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Melting Pot Still Bubbles

March 11, 2004

In his 1996 bestseller "The Clash of Civilizations and the Remaking of World Order," Harvard professor Samuel P. Huntington raised eyebrows around the world by declaring that a global conflict of cultures, primarily Christianity versus Islam, would define the 21st century. Now, in the latest issue of Foreign Policy magazine, Huntington warns that "the single most immediate and most serious challenge to America's traditional identity comes from the immense and continuing immigration from Latin America, especially Mexico, and the fertility rates of these immigrants compared to black and white American natives." In this apocalyptic vision, the United States itself may well be headed for a crackup as Mexicans and other Latinos form their own political enclaves instead of embracing what Huntington calls Anglo-Protestant values.

But does the fact that the name Jose replaced Michael in 1998 as the most popular for male newborns in California and Texas really spell the end of the American way of life? Huntington's warning is provocative, sweeping -- and utterly unconvincing.

As Huntington sees it, the proximity of Mexico and regional concentration of Mexicans in the American Southwest imperil the United States. Certainly Mexicans dominate illegal and legal immigration; perhaps 5 million are in the U.S. illegally, and Mexicans make up one-fifth of legal immigrants currently here. But Huntington wrongly ascribes separatist tendencies to what he calls a Mexican reconquista of chunks of Southwest territory that the U.S. grabbed from Mexico in the 19th century.

Instead of congregating, Mexicans are on the move: The share of new immigrants from Mexico traveling to southeastern states like Alabama, Arkansas and Tennessee, as well as Midwest states such as Nebraska, Minnesota and Wisconsin, has greatly increased over the last decade. The share of Mexican immigrants living outside Texas, California, Illinois and Arizona has increased from about 500,000 to at least 2.7 million.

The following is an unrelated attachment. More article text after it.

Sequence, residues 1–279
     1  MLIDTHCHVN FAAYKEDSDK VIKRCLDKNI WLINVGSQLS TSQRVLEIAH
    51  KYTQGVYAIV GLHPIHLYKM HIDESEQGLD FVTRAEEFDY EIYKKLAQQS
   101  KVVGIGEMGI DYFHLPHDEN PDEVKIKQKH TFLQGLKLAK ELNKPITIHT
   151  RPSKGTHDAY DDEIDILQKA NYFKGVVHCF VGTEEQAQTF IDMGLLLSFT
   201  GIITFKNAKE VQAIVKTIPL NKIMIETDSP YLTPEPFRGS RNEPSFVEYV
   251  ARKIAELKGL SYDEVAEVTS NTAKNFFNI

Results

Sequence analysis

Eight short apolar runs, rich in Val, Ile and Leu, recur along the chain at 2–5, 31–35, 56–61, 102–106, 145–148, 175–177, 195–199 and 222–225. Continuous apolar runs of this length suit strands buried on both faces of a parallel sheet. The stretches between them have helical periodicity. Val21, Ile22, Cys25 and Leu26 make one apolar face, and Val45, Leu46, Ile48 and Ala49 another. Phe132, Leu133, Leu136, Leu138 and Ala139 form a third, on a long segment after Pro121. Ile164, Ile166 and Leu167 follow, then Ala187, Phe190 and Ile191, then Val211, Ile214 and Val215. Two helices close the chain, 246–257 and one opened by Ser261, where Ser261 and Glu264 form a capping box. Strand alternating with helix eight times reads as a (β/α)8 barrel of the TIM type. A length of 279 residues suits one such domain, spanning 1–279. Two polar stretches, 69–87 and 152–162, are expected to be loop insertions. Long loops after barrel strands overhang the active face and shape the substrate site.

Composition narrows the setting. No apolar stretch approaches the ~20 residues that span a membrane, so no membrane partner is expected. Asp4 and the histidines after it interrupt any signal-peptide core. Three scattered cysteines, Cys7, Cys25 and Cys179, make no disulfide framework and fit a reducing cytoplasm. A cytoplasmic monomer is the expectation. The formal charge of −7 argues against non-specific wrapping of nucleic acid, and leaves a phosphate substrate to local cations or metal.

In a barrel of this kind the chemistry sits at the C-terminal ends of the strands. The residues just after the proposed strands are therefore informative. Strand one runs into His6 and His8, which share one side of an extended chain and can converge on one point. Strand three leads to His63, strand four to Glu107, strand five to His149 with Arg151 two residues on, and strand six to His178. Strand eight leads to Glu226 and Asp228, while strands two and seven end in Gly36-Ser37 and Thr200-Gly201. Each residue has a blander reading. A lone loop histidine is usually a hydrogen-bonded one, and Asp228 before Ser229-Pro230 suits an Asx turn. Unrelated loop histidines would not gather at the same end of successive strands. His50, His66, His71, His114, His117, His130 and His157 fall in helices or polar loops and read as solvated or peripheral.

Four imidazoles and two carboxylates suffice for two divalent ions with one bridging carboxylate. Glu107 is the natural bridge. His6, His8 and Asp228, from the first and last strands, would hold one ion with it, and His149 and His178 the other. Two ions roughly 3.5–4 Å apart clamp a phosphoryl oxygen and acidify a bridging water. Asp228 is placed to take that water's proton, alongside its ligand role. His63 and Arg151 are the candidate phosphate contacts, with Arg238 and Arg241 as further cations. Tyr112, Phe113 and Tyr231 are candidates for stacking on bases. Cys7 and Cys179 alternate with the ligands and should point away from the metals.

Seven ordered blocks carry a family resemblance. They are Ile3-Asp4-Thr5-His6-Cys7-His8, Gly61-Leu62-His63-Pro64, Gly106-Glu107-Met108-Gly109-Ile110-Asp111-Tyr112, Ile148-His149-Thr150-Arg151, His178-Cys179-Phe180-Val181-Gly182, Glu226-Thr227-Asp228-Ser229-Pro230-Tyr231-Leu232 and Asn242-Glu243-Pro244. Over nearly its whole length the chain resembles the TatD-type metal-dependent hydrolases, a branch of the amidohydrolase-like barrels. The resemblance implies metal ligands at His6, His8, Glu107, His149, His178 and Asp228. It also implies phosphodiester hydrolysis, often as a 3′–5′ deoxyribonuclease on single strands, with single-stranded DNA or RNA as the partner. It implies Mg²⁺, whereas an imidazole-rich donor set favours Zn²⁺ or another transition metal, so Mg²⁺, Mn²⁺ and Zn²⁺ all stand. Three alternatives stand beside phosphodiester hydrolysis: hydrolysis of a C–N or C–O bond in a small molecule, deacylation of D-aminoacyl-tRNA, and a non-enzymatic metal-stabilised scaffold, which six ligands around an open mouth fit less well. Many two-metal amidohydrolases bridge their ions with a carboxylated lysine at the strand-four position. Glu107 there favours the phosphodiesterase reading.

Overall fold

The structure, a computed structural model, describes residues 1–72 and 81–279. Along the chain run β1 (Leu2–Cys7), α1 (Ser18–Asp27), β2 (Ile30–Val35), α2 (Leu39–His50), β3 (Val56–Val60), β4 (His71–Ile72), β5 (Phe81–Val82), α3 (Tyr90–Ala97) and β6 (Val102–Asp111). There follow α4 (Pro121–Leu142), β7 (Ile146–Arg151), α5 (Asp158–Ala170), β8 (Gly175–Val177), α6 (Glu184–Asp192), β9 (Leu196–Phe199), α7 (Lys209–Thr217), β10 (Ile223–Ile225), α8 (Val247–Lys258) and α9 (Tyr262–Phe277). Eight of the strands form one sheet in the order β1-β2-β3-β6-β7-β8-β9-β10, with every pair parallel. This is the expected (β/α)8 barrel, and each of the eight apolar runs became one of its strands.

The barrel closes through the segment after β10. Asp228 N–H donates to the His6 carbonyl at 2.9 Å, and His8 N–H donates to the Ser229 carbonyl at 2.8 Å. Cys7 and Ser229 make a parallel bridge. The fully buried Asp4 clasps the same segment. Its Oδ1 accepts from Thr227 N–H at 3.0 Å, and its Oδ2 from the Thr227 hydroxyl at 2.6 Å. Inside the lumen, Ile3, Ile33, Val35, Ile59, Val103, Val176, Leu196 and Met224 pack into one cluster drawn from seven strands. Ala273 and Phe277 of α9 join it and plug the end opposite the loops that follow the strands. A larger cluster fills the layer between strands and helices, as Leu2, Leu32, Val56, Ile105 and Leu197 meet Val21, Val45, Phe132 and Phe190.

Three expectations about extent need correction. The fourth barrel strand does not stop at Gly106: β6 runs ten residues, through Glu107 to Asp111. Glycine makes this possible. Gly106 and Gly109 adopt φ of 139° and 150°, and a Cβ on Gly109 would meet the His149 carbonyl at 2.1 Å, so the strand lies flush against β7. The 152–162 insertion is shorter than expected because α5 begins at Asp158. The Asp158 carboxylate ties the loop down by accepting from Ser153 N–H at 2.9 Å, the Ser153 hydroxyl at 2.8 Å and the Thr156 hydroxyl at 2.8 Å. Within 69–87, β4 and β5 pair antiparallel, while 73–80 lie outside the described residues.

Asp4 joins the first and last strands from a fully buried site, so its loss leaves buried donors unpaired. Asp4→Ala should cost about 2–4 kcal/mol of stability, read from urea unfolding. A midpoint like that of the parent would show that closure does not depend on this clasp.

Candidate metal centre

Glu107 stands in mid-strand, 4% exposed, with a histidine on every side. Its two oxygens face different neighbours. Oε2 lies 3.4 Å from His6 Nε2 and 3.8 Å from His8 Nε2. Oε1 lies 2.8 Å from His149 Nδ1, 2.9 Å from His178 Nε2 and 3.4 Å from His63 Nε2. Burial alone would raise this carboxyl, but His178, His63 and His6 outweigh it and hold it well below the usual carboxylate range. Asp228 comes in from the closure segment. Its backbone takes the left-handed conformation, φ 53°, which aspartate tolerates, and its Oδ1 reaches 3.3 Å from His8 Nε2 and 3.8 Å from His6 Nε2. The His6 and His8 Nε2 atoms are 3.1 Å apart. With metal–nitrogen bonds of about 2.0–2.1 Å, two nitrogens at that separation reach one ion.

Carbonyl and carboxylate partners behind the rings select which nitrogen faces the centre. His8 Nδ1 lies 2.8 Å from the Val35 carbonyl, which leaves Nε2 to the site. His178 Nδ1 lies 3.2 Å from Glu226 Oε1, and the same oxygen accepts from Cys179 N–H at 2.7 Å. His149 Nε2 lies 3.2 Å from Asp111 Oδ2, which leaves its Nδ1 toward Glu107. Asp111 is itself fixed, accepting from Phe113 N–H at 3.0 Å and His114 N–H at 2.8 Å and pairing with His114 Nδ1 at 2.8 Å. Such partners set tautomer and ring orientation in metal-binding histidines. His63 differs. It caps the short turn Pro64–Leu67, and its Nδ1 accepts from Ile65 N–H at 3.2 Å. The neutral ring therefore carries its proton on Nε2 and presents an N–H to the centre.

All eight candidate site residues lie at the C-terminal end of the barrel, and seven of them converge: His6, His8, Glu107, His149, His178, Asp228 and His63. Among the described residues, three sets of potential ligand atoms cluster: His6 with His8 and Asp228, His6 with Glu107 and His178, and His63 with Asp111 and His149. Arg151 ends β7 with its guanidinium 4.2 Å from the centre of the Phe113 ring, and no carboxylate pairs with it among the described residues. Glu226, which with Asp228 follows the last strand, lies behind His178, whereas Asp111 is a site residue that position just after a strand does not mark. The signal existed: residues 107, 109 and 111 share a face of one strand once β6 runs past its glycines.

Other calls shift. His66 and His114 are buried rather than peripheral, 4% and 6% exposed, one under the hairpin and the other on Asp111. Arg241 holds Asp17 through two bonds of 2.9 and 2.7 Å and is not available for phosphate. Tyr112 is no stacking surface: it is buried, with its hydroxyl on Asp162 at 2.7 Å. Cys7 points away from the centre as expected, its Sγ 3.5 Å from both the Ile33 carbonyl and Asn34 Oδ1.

The real problems associated with Latino immigration aren't the cultural ones spotlighted by Huntington. There are real social and hard-dollar costs to immigration, particularly in California. Immigrant children cost more to educate; that should be weighed in part against what their parents contribute. These and other trade-offs are complex and bear scrutiny, but they are not the stuff of simplistic conclusions.

The truth is that Huntington's complaints about Latinos have a familiar ring. Founding father Benjamin Franklin said that German immigrants were "the most stupid of their nation" and that "few of their children knew English." The Know-Nothing Party in the mid-1850s warned that a papal plot jeopardized America's Protestant culture and demanded that immigrants be prevented from voting until they had lived in the United States for 21 years.

As successive waves of immigration show, however, U.S. culture is constantly changing as it absorbs new influences. Stagnation, not change, is the enemy of the American dream.

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